“I was fortunate enough that I took over this company from my father, Stanford Alexander, and still work closely with him,” he says. “So you look back and find that a lot of the things that your father taught you as a kid are important today. As a firm, you pride yourselves on integrity and your desire to do the right thing for all your stakeholders, shareholders, retailers, associates and vendors and to take the very long-term view.”
One of the major benefits to come from instilling a family spirit in a company can be a tremendous loyalty from your associates
“This translates into some very hardworking people, who are creative and passionate, who care about the company, care about their co-worker, are very team-oriented people who help each other and are nice to each other,” Alexander says.
“By running a public company but with a little bit of the spirit of a family that cares — that loyalty will show up for you in tenure, work ethic, passion and esprit de corps.
The folks will care about the company. They have a lot of emotion and feeling toward it. You obviously will want to offer competitive salaries, have good benefit programs, a nice work environment, a lot of wellness programs, education programs and scholarships to associates’ children for college. Do a lot to hire and retain good quality people.”
Simply put, with everyone pulling in the same direction, the team will reap the benefits.
“A consultant once used the expression with me that there are basketball teams and then there are track teams,” Alexander says. “In basketball, the team wins and everybody wins. In track, it’s nice when your friend wins his or her race, but you really want to win your race.
“You really want to be more like a basketball team where everybody wins. You may be the QB gets a lot of the attention and gets asked to do the interviews, but it’s really about the whole team. If a lineman doesn’t do what he is supposed to do, then all of us are going to suffer. So we are all incented to pull in the same direction.”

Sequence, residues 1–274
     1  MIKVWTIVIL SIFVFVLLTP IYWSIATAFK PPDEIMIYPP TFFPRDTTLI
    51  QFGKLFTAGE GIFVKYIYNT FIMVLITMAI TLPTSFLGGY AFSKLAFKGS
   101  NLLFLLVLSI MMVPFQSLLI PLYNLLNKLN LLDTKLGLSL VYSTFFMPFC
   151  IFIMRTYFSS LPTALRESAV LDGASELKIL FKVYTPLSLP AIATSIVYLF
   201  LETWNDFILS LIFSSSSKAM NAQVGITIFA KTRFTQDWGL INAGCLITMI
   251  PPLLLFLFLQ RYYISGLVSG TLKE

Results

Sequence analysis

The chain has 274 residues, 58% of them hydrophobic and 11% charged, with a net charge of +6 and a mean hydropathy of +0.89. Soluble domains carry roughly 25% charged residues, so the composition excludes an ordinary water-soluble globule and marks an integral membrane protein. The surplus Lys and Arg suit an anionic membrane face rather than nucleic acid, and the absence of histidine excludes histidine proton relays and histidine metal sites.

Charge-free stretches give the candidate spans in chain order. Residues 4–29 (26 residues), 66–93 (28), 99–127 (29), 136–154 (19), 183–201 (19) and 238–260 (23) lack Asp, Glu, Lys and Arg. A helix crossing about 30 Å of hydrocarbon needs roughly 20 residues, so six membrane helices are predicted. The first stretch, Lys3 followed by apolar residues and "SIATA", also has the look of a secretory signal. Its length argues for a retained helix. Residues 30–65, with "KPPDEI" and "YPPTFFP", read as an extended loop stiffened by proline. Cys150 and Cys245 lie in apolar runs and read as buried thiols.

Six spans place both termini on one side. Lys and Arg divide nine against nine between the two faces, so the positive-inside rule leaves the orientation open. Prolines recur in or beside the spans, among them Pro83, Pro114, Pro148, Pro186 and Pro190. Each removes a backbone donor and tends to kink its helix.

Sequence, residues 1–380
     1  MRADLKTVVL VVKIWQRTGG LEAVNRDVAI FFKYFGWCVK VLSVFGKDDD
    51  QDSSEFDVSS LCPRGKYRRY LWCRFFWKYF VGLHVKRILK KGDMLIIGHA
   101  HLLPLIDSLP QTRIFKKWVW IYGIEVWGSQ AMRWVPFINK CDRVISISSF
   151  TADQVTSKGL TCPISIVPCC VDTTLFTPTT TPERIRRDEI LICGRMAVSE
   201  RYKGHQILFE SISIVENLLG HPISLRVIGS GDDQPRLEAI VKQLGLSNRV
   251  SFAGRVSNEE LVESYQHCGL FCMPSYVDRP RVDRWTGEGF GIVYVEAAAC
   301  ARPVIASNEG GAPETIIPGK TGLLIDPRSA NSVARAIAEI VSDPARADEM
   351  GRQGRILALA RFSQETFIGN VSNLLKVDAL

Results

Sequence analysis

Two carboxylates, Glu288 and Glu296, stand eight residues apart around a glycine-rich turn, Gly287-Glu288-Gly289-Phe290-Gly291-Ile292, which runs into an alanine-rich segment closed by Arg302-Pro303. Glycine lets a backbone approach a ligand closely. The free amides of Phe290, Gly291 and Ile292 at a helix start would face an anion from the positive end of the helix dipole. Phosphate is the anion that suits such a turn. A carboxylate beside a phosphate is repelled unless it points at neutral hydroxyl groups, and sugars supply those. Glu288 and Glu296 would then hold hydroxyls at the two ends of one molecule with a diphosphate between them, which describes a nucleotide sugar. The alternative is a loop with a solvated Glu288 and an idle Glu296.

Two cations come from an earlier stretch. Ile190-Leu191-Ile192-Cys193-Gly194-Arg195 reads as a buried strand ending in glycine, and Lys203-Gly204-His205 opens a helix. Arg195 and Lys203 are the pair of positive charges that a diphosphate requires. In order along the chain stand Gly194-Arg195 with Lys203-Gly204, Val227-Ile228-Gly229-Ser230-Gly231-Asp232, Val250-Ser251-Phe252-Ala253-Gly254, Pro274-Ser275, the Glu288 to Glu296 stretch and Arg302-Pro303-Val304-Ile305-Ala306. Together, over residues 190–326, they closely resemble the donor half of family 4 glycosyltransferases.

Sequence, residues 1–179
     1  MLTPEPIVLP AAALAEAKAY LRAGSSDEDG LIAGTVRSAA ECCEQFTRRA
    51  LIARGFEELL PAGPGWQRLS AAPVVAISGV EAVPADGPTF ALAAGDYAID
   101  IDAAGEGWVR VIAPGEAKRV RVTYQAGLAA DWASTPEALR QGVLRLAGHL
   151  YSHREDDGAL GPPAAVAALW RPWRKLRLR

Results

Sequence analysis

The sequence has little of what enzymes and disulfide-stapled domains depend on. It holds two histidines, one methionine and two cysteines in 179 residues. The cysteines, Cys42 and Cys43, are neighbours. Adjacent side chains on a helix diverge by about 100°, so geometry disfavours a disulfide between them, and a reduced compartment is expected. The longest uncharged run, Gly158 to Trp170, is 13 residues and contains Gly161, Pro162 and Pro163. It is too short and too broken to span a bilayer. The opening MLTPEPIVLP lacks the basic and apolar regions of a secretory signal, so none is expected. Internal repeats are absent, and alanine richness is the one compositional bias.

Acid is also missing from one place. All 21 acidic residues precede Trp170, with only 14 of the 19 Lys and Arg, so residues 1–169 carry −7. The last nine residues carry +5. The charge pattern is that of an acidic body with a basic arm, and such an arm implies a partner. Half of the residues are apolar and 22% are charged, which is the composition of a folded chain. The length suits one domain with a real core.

How to reach: Weingarten Realty Investors, (713) 866-6000 or www.weingarten.com
The Alexander File
President and CEO
Weingarten Realty Investors
Born: Fort Worth, Texas. I go by Drew, and my real name is Andrew. But nobody other than my high school principal called me that.
Education: I started out at the Wharton School of Business at the University of Pennsylvania and did a couple of years there. Then I transferred to and graduated from the University of Texas at Austin. My degree is a bachelor of business and administration with a focus in real estate.
What was your first job?
I was about 7 years old and we had the supermarket company at the time. I worked in the stores helping customers unload their carts to be checked out. I wasn’t a carryout at the other end of the process because my mother didn’t want me in the parking lot. She thought I would get run over. So I was doing a job that doesn’t exist anymore. I helped the customers unload from their cart to the conveyor belt to be checked out. One of my other jobs in the supermarket was labeling all the prices on things.